Implications

There is a broad consensus that the reporting of randomised controlled trials should be improved and standardised, with many medical journals having adopted the CONSORT (consolidated standards of reporting trials) recommendations.23 24 Many of the trials included in this study were published before the CONSORT statement. Improved transparency about the way that trials were conducted should allow a refined understanding of the potential of different aspects of the conduct of trials to bias results, and how such bias varies between different settings. Our results suggest that efforts to minimise selection and performance bias are particularly important when objective measurement of outcomes is not feasible. It is always possible to conceal the allocation of patients to intervention groups, for example by using a telephone randomisation service. In contrast, blinding of participants and physicians is not always feasible; such as when surgery is compared with radiotherapy for treatment of cancer, or when a drug has unmistakable adverse effects. Our results suggest that in such situations it is desirable to specify at least one objectively assessed outcome, even if the outcome of most interest is subjective.

Systematic reviewers should routinely assess the risk of bias in results associated with the way each trial was done. Such critical appraisal should allow for our finding that lack of blinding or of adequate allocation concealment is particularly important for subjectively assessed outcomes. Some critical appraisal checklists, such as the GATE appraisal,25 ask whether the outcome measurements are either blinded or objective.

The Cochrane Collaboration is publishing detailed guidance on assessing risk of bias, based on both empirical evidence and expert opinion, available at www.cochrane.org/resources/handbook/.26 This identifies six key domains of trial conduct and analysis—sequence generation; allocation concealment; blinding of participants, personnel, and outcome assessors; incomplete outcome data; selective outcome reporting; and other factors (specific for study design and topic). This guidance emphasises that assessments of risk of bias due to lack of blinding or incomplete data must be outcome specific. Domain specific assessments need to be combined into an overall assessment of the risk of bias (low, unclear, or high) for each outcome.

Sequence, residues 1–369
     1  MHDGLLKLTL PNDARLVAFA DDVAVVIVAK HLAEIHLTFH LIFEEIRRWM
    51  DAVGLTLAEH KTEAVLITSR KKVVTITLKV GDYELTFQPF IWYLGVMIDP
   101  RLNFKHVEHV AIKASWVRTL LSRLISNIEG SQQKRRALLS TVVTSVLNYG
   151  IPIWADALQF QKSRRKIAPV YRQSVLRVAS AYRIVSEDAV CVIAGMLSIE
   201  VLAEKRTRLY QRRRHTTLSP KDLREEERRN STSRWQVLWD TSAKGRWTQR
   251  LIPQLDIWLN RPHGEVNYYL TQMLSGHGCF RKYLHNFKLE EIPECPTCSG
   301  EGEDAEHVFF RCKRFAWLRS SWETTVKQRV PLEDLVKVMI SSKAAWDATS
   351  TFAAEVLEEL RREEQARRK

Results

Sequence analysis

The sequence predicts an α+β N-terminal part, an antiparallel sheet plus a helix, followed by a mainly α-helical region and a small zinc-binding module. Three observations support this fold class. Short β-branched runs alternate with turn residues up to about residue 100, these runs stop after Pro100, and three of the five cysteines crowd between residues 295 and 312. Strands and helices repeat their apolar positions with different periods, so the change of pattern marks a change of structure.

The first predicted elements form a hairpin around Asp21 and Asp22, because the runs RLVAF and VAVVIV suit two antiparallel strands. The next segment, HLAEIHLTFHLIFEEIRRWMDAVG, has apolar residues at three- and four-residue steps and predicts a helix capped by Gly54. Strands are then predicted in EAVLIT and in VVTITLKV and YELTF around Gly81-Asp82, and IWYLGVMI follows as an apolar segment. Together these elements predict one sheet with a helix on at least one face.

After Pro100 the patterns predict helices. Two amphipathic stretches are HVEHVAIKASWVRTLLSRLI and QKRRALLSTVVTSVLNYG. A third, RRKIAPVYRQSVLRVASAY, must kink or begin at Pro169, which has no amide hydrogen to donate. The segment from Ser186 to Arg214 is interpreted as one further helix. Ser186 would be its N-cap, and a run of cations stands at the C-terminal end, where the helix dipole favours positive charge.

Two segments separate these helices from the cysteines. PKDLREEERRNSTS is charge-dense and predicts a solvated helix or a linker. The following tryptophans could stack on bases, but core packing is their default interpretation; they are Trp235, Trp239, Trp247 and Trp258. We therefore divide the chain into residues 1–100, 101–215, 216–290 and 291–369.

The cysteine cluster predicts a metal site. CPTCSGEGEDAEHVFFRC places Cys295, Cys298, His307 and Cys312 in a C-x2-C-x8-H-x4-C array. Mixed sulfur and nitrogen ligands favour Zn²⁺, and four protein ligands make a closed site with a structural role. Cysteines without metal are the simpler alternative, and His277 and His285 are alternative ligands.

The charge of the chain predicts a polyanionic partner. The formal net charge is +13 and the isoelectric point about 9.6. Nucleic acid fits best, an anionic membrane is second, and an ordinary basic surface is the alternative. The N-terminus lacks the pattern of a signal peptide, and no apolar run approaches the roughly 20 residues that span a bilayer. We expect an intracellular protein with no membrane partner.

There is currently no simple or widely accepted method to integrate assessments of risk of bias into meta-analyses. The variability in bias between meta-analyses that we identified implies that more emphasis in meta-analyses should be given to trials at low risk of bias, and it may be possible to develop statistical methods to do this.27 Currently, we believe that systematic reviewers should present meta-analyses restricted to trials at low risk of bias for each outcome, either as the primary analysis or in conjunction with less restrictive analyses.

What is already known on this topic

  • Flaws in the conduct of randomised controlled trials, such as inadequate allocation concealment or lack of blinding, may bias their results
  • Several studies have found that such flaws lead to exaggerated estimates of the effects of medical interventions, but other studies have failed to confirm these associations

What this study adds

  • The average bias associated with lack of adequate allocation concealment or lack of blinding was less for trials with objectively assessed outcomes than trials with subjectively assessed outcomes, and less for trials with all cause mortality as the outcome than for trials with other outcomes
  • Except when the outcome was all cause mortality, the size of bias varied between meta-analyses. Therefore, in situations when bias is likely the size of such bias is unpredictable